Write a function where the type of the input is related to the type of the output, or where the types of the two inputs are related in some way. Let’s consider a function that returns the first element of an array:

function firstElement(arr: any[]) { return arr[0]; } this function does its job, but unfortunately returns type Any. It would be better if the function returned the type of the array element.

In TypeScript, we use generics when we want to describe a relationship between two values. We do this by declaring a type parameter in the function signature:

function firstElement<T>(arr: T[]): T {

return arr[0];


const arr: string[] = [‘1’, ‘2’, ‘3’];

const result = firstElement(arr);


const result1:number = firstElement(arr);

Type inference function map

Output): Output[] { return arr.map(func); } Note that the Inout, Output of the above code can be replaced by T, V, but not as readable as the former.

We’ve written some general-purpose functions that can handle values of any Type. Sometimes we want to correlate two values, but we can only operate on a subset of a value. In this case, we can use constraints to restrict the type types that the type parameters can accept.

Let’s write a function that returns the longer of the two values. To do this, we need a length property, which is a number. We restrict the type parameter to that type by writing the extends clause:

function longest<Type extends { length: number }>(a: Type, b: Type) {

if (a.length >= b.length) {

return a;

} else {

return b;

} } // longerArray is of type ‘number[]’ const longerArray = longest([1, 2], [1, 2, 3]); console.log(longerArray); // longerString is of type ‘string’ const longerString = longest(“alice”, “bob”); console.log(longerString); // Error! Numbers don’t have a ‘length’ property const notOK = longest(10, 100); The last function call results in a compilation error because the TypeScript base type number does not have an attribute named length.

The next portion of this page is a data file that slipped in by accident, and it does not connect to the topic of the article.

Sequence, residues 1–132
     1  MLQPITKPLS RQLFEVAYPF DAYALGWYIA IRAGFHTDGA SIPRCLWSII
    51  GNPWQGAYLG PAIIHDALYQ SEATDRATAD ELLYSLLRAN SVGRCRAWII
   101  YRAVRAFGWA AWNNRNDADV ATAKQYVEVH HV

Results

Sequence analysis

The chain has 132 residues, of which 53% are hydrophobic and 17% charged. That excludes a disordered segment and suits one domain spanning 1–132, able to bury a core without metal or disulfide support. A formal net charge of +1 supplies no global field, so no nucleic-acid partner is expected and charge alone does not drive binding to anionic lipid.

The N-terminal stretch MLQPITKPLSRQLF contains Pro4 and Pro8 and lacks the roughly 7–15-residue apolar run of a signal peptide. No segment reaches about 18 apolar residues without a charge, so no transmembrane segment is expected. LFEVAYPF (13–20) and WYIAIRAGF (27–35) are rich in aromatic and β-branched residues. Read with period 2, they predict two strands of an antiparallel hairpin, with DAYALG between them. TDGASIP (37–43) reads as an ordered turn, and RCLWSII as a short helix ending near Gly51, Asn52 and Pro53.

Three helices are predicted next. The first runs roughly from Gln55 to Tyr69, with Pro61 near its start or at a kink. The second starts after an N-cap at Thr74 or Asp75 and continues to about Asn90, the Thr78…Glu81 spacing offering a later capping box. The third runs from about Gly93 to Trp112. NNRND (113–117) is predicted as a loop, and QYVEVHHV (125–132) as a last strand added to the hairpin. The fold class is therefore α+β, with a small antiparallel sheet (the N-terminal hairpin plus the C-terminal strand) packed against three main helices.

The power of TypeScript’s type constraints compared to Java is that extends does not have to be followed by a TypeScript built-in type, such as in this example:

{length: number} means that as long as the function is passed in a type that contains at least the length attribute of type number.

Specifying Type Arguments TypeScript can often, but not always, infer the expected Type Arguments in generic calls. For example, suppose you wrote a function to combine two arrays:

function combine

(arr1: Type[], arr2: Type[]): Type[] { return arr1.concat(arr2); } compiler error:

Solution: use Angle bracket syntax, explicitly introduced into type parameters: T = string here | number, mean to receive a string or number type.

Writing generic functions is fun, and it’s easy to get carried away with type arguments. Having too many types of mobile game arguments or using constraints where they are not needed can make reasoning less successful and frustrate the caller of the function.

1 – Ppush Type Parameters Down function firstElement1

(arr: Type[]) {return arr[0]; } function firstElement2

(arr: Type) { return arr[0]; } // a: number (good) const a = firstElement1([1, 2, 3]); // b: any (bad) const b = firstElement2([1, 2, 3]); At first glance, the two approaches seem the same, but firstElement1 is a better way to write this function. Its inferred return Type is Type, but the inferred return Type for firstElement2 is Any, because TypeScript must resolve the arr[0] expression using the constraint Type rather than “waiting” to resolve the element during the call.

Fewer Typewww.diuxie.com Parameters function filter1

(arr: Type[], func: (arg: Type) => Boolean): Fewer Typewww.diuxie.com Parameters function filter1

(arr: Type[], func: (arg: Type) => Boolean): Type[] { return arr.filter(func); } function filter2

boolean>( arr: Type[], func: Func ): Type[] { return arr.filter(func); } We create a type parameter Func that does not associate two values. This is always a red flag, because it means that the caller who wants to specify a type parameter must manually specify an additional type parameter for no reason at all. Func does nothing but make the function harder to read and reason about!

3-type Parameters Should Appear Twice function greet

(s: Str) {consol. log(“Hello, “+ s); } greet(“world”); In this example, Str occurs only once, so it’s not necessary at all.

It can be abbreviated as:

function greet(s: string) {

console.log(“Hello, ” + s);